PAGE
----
We Are in the Middle of Transformational Change: It's Time the Debate Matches up with the Huge Challenges Ahead of Us
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A better world is possible. So is a worse one. Which will we get? Finding the proper focus is itself a challenge.
For example, much of the conversation these days among well-meaning people about the state of our economy and what the president (or somebody) ought to do about it centers on jobs. Do we need more jobs? The conventional answer is of course we do, so let’s keep on having the old arguments about tax breaks versus government stimulus, big business versus small business, blah, blah, blah.
But maybe we don’t need "jobs" at all. Maybe instead of scurrying around to create "jobs" as defined for the last 100 years we should start by taking a different tack altogether.
As it always has been and as it always will be, there are plenty of things that need to be done -- growing food, moving people and goods around, teaching young people what they need to know, manufacturing various kinds of stuff, curing sick people and so on. But the 20th century "jobs" method of connecting those needs to individuals, families and communities has been seriously out of whack for quite some time.
A huge portion of the population is already totally outside that model with no prospect of inclusion. That’s the meaning behind our exorbitant rate of incarceration, massive school dropout and perpetually high unemployment, especially in our cities. Further evidence of systemic breakdown is revealed by recent “revelations” that more education does not truly bestow immunity to income stagnation and recurring unemployment. Like it or not, absent a radically different approach, job elimination will continue to outpace the trend toward job creation in good times and bad.
Truth be told, just about all of the systems that sort-of, kind-of solved various problems for the last 200-300 years don’t work all that well anymore. They are out of alignment with current reality.
The reaction to the Supreme Court’s "free speech for corporations" ruling provides another example. Those crying the alarm have it backwards. That ruling is decidedly not going to cause the end of democracy. And "fixing" the ruling isn’t going to "save" democracy either. It is actually but one effect of a line crossed some time ago. Thanks to the superseding power of the transnational corporation, democracy “peaked” in the United States some time ago.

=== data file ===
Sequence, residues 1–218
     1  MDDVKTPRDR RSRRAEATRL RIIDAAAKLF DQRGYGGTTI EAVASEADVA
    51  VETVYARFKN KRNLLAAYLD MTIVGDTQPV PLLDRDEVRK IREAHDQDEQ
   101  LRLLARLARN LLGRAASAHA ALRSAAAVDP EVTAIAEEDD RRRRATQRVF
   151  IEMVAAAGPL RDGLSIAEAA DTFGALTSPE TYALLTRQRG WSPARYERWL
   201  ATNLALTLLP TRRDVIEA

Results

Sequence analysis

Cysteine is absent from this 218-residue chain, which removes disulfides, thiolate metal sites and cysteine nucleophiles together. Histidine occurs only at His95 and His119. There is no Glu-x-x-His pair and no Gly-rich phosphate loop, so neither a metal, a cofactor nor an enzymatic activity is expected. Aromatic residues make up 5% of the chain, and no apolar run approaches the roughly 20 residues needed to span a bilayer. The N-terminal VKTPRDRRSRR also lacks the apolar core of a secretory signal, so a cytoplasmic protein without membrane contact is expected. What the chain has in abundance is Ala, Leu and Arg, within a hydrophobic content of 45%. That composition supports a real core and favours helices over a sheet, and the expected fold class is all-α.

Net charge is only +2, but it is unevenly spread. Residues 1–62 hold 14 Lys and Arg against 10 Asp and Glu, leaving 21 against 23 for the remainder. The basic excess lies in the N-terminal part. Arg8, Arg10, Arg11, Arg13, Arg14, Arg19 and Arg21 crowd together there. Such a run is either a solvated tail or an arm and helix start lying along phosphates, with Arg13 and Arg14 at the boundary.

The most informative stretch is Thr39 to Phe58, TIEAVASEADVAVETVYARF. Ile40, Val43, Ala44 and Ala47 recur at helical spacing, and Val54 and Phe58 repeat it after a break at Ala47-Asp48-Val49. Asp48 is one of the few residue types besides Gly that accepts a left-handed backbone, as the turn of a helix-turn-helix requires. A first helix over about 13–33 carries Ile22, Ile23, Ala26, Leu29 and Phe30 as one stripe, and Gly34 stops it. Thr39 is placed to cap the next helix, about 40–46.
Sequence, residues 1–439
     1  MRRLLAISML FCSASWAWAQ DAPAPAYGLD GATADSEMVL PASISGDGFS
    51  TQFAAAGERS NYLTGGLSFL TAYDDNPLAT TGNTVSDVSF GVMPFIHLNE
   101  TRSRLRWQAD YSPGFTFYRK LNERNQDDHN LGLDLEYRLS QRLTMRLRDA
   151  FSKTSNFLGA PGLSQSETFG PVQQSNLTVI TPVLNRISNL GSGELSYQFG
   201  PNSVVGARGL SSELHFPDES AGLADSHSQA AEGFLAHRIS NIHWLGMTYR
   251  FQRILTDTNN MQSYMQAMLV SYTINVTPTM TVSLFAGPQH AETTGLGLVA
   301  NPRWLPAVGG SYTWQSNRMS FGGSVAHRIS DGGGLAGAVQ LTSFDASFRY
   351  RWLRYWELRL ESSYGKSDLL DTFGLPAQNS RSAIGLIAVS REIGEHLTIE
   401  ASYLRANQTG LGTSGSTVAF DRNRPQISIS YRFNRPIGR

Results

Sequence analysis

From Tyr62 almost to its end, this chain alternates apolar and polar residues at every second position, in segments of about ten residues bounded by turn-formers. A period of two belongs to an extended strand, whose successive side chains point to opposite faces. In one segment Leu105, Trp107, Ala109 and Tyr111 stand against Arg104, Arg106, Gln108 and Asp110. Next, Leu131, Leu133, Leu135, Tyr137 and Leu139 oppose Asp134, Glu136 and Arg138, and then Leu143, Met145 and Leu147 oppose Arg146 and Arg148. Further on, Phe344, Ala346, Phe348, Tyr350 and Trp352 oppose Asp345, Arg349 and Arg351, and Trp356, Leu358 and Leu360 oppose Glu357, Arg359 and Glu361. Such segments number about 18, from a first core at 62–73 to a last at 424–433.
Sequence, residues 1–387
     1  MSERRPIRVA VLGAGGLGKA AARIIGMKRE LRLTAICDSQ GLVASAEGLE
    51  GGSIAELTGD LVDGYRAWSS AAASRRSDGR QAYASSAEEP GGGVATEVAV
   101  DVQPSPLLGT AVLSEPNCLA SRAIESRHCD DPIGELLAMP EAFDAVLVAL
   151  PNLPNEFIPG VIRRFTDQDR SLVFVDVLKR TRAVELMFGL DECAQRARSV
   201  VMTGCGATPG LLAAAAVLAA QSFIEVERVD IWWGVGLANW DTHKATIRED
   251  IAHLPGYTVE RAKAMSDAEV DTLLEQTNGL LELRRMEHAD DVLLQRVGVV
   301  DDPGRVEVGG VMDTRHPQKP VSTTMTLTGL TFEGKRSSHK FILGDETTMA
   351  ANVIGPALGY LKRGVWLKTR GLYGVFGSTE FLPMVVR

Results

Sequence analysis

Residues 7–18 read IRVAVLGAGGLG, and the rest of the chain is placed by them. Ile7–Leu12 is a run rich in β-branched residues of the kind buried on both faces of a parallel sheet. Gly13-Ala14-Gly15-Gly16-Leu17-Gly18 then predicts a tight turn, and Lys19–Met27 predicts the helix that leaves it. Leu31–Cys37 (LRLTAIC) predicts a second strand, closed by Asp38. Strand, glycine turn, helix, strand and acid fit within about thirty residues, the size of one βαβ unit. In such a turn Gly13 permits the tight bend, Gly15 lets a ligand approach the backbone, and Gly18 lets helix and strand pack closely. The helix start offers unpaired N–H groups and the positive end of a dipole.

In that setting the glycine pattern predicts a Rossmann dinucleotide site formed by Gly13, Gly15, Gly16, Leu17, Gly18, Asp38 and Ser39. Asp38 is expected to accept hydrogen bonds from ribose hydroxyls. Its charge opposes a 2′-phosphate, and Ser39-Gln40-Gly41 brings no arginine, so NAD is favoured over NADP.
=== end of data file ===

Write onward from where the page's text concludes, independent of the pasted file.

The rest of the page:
Until we break out of the straitjacket of 20th century paradigms we can expect nothing but more gridlock and frustration. Even mainstream pundits like Frank Rich are quoting mainstream historians like Alan Brinkley to observe that, "We will soon enter the fourth decade in which Congress -- and therefore government as a whole -- has failed to deal with any major national problem, from infrastructure to education."
Neither the founding fathers of the United States, nor for that matter Marx and Lenin, envisioned the world we live in today. By way of reference points, we all know about the huge societal transformation from feudalism to capitalism or the shift from an agrarian to an industrial economy. But even these examples do not capture the magnitude of the forces at work today:
- Economic globalization under the domination of transnational corporations
- Climate change
- Nuclear disorder that has displaced the relative stability of the cold war
- New science and technology
- Changes in the species homo sapiens (It is rarely part of our political discourse, but us humans ain’t what we used to be: human reproduction no longer requires intercourse; there are new, reliable and widely available methods of birth control; neuroscience and pharmacology are increasingly used to modify human behavior, longevity has increased dramatically; our diet is very different; the economic status of women has become drastically altered.)
These five forces are rocking our planet as it has never been rocked before. All are fast moving. Each is significant. And each one powerfully impacts the others. By way of illustration, consider the nature and role of nation states.